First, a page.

This information was a response to a question I asked Joyce Hammel July 24, 2000, the then HDSA - Medical & Scientific Manager:
In response to your question on pre-natal testing, I provide the following information:
There are several ways prospective parents can determine if their child will develop HD. The specific method of determining the embryo's genetic status depends on whether it was conceived naturally or through in vitro fertilization (IVF).
the embryo was conceived naturally,
parents can use prenatal testing or non-disclosing
prenatal testing to determine the child's genetic status.
During in vitro fertilization procedures, Preimplantation Genetic Diagnosis (PGD)
can be used test embryos prior to their transfer to the uterus.
The prenatal procedures currently available are amniocentesis and chorionic villus
sampling (CVS). Individuals or couples considering prenatal testing are advised
seek genetic counseling prior to becoming pregnant. Prenatal testing is usually
requested in one of the two following circumstances:
1. In case I, a prospective parent has been diagnosed with HD or has been found
to be a gene-carrier and will eventually develop HD. In this instance, prenatal
testing can determine whether the child is
at 0 or 100% risk of developing HD.
2. In case II, the prospective parent is at 50% risk of developing HD and is pre-symptomatic. This means that one of his/her parents had HD but s/he isn't showing symptoms. Prenatal testing will reveal the embryo's and the parent's genetic
The test results in this case can be over-whelmingly
traumatic if both are positive for HD. Prospective parents should be counseled about
possible emotional ramifications before undergoing the tests.
Nondisclosing Prenatal Testing
If the parent who has a 50% risk for HD does not wish to know his/her gene
status but the couple wants prenatal testing, then non-disclosing prenatal testing can
be performed. In this situation, the embryo is at a 25% risk of developing HD.
Using linkage analysis, a procedure that compares
the chromosomes of family members with that of the embryo, this test may reduce the
fetus' risk from 25% to zero
or increase it to 50% Couples or individuals seeking
this testing option are encouraged
to seek counseling and prepare for the test prior to conception.
Preimplantation Genetic Diagnosis (PGD) can be used during in vitro fertilization
procedures to test embryos for HD or other genetic disorders. This allows couples or individuals that have serious genetic disorders to decrease the risk of having a
child who is affected with the same problem.
At present, PGD is only offered in a few centers, usually under the supervision of an
institutional ethics review board, but its use may become more widespread in the near future.
There are only a few prenatal tests for HD done each year. The centers that do these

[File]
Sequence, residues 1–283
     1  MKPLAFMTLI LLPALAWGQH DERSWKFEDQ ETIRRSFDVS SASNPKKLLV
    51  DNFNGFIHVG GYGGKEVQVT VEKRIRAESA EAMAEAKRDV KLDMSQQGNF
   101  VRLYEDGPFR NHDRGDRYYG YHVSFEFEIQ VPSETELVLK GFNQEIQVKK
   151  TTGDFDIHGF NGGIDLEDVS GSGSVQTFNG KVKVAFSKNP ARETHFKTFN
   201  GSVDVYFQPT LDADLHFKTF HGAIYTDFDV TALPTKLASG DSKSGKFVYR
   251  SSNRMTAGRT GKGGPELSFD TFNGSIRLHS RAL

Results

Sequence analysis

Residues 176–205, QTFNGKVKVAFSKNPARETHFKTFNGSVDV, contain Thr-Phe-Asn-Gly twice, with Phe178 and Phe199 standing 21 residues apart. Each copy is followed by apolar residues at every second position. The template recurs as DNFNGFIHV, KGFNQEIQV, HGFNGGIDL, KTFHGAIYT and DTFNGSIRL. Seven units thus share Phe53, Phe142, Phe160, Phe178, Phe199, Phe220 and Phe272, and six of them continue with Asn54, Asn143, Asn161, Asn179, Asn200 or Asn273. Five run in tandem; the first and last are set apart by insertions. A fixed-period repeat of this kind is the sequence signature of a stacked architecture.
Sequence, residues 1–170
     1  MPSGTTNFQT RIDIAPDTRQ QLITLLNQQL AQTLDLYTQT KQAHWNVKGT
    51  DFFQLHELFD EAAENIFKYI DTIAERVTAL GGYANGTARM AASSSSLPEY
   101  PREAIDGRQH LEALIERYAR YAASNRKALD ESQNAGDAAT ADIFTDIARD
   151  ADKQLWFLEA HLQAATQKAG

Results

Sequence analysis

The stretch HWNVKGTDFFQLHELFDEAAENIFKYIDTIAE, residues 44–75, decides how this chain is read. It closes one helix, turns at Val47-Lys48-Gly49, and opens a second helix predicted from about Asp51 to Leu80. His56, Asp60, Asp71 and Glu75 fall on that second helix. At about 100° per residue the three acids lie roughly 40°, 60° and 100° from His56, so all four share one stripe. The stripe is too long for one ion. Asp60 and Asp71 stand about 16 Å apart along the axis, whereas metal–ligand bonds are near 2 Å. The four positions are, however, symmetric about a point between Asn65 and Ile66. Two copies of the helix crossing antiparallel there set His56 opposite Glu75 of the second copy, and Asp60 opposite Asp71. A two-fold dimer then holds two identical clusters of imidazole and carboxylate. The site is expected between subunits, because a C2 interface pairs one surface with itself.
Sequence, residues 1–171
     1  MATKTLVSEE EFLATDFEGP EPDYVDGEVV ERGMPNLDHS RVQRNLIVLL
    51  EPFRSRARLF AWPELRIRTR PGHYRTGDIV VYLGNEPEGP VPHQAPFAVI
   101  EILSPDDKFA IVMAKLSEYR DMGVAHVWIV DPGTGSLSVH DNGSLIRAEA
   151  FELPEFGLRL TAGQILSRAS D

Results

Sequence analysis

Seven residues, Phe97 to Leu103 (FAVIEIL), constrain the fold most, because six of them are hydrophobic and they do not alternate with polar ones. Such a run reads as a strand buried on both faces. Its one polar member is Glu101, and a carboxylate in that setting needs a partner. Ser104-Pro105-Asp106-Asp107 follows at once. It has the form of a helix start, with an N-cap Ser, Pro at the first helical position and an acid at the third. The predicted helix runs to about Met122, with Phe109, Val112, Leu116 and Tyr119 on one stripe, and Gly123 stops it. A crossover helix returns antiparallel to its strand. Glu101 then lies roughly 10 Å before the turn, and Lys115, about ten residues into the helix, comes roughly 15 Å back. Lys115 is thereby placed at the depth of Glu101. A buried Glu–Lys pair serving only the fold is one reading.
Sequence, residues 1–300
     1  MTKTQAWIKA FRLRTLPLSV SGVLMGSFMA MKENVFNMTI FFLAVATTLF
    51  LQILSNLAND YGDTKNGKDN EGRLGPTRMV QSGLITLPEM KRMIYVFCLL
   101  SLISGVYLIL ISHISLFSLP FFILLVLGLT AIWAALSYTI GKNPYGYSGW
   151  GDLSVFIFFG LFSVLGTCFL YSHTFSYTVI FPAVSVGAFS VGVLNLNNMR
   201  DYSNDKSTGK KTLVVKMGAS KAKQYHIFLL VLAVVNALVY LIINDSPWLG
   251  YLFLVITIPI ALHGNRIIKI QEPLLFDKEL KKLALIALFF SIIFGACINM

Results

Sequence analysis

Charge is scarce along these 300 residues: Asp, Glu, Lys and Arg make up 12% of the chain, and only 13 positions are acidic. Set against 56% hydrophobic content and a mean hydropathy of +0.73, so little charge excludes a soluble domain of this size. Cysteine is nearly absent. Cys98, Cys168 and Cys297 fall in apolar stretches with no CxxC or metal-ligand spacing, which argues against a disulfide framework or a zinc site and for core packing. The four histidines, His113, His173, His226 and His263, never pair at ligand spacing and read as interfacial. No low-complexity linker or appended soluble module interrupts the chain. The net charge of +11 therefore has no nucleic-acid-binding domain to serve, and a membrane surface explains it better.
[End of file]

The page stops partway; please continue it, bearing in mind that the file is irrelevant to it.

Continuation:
tests, especially the Genetics and In Vitro Fertilization Institute (GIVF) are experienced
with preimplantation diagnosis as well as CVS and amniocentesis testing for HD. GIVF
can also offer testing when knowledge of parental carrier status is not desired.
Please contact the following person at GIVF with additional questions about testing.
Fallon, MS, CGC
Supervisor, Genetic Counseling
Genetics & IVF Institute
Fairfax, VA 22031
Hope that this information is helpful!
Prenatal testing for HD is possible, and should be performed in conjunction with detailed genetic counseling. Affected or at-risk individuals or couples should be informed of all of their reproductive options (shown in table 1), with
the understanding that different options are appropriate or desirablefor different people.
For those who desire prenatal testing, the best time to make arrangements is prior to the pregnancy. Chorionic villus sampling can be performed very early, at 8-10 weeks, and a non-disclosing prenatal test, which determines only
whether the fetus received a chromosome from the affected grandparent
or the unaffected grandparent, without determining whether the fetus or at-risk parent actually carries the HD gene, requires samples from several individuals.
TABLE 1: REPRODUCTIVE OPTIONS
- Natural reproduction without genetic testing
- Prenatal testing by amniocentesis or chorionic villus sampling
- Non-disclosing prenatal test
- Decision not to reproduce (may include sterilization)
- Artificial insemination
- Surrogate mother
- Pre-implantation genetic testing and embryo selection
Pre-natal and Vitro
Fertilization for HD
Testing of a fetus (prenatal testing) presents
special challenges and risks; in fact some centers
do not perform genetic testing
on fetuses. Because a positive test result using
direct genetic testing means the at-risk parent is also a gene carrier, at-risk individuals who are considering a pregnancy are advised
to seek genetic counseling prior to conception.